Sunday, May 14, 2006

Southern Music and Resistence

Again with the procrastination. Well, to be fair, not so much procrastination as trying very hard to get my objects and affairs in order before I leave, and therefore haven't completely thought through the post I mentioned a couple of entries back.

In any case, Amanda Marcotte at Pandagon has a very interesting post on why pseudo-populists in the South tend to ignore Southern music.

Robert Johnson’s legend about selling his soul to play the blues is the classic example of this, a legend that speaks volumes about the stubborn existence of these forms in resistance to authority. Of course, it’s way more complex than that with regards to Johnson’s legend, because the “good” music of gospel is also a music that gave space to resistance. Black people were converted to Christianity in the slave days by slave owners who intended to use it to control them and turn them into joyless, obedient workers and there’s little doubt, I think, that gospel is part of a larger process of reclaiming religion...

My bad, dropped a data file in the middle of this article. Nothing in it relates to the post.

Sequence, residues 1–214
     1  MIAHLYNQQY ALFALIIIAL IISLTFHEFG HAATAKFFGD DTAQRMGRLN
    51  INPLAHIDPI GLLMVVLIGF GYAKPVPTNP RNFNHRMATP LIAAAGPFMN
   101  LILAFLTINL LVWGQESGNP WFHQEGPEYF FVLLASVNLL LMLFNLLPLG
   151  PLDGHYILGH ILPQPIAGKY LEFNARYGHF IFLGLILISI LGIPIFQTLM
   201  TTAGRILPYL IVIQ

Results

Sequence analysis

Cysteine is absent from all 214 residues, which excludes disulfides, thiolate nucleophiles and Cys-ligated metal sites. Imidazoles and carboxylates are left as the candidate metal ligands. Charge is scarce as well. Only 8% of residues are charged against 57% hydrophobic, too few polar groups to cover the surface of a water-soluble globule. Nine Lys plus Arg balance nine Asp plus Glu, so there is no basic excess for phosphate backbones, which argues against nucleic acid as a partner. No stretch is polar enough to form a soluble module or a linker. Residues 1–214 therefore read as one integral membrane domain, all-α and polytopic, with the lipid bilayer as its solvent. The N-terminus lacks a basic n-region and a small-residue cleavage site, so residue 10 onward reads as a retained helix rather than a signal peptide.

The legendary stories of women scraping up from poverty and making it in Nashville–the two biggies being Loretta Lynn and Dolly Parton–are stories that are only possible because the love of music in their communities was so great that they didn’t interfere with women who wanted to play so long as they were good at it....

The tension between Southern music traditions and the attempts of the Republican party to co-opt out culture completely are sufficient to make me imagine Karl Rove just wishes Southerners didn’t like music at all.

The full article can be found here.

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